Charlie’s Angels #1
Writer: John Layman
Artist: Joe Eisma
Colorist: Celeste Woods
Letterer: Taylor Esposito
Publisher: Dynamite Comics
A review by Greg Brothers
Over the last few years, we have seen a plethora of reboots/resurrections of series from the sixties, seventies, and eighties. Some of them have been successful, while others have failed. For a reboot or resurrection to be successful the main thing that needs to happen is that the charm character of the original needs to be there even if some of the other components have been updated.
As someone who remembers the original television series, the opening pages of Charlies Angels #1 ooze the charm and character that made the show successful. Jill, Kelly, and Sabrina stand out in the first splash page as their individual personalities are on display as they are introduced. Quickly the feel of the 1970s hits you as the colors, language, and look all match perfectly.
One of the things that made the show successful was the strength and the brains of the three women. For readers not familiar with the show Layman quickly establishes the women’s ability to throw off the shackles of a male-dominated industry and establish themselves as extraordinary detectives. The story is a very basic detective/crime story. The ladies already are in the middle of their undercover assignment and trying to stop an illegal arms deal. By the end of Charlies Angels #1, the first assignment is wrapped up, with an ending that sets of the first major story arc for the series. The story feels like it moves quick. That is partially in how Layman’s dialogues flow naturally. Rarely did I feel as if I had to pause to understand the purpose of the panel.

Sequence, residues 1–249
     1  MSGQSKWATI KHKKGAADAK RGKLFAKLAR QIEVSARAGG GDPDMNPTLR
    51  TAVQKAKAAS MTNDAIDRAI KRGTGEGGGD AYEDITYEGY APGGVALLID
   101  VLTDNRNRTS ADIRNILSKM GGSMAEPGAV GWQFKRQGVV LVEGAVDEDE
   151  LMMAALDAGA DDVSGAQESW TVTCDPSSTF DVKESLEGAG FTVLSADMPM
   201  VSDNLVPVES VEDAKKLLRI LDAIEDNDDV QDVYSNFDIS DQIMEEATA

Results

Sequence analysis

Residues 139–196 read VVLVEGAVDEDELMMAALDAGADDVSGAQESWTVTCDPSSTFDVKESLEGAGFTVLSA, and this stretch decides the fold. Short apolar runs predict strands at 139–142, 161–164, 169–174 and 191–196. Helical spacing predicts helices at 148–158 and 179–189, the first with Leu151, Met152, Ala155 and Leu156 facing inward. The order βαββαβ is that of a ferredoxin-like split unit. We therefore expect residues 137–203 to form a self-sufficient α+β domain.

The art is the other part that makes Charlies Angels #1 such a fun read. It is muted and soft. It feels as if you are looking into the past as the characters, clothing, décor all scream 1970s in a way that feels natural.
Much like the dialogue, Eisma’s art is just plain fun. Sharpe and defined lines make the characters stand out. The realism of the designs makes it feel as if you are watching an episode of the original series. Colors match the time period as do the clothing designs. It is obvious considerable research was put into making the series feel authentic.
Charlies Angels #1 is not just a nostalgic throwback that fans of the former show will enjoy. Layman and Eisma create a comic that from the first panel establishes the women as strong, smart and resourceful detectives. You can not help but finding yourself smiling as you read this story. By the end, you want to know more about these ladies and are ready for the next adventure.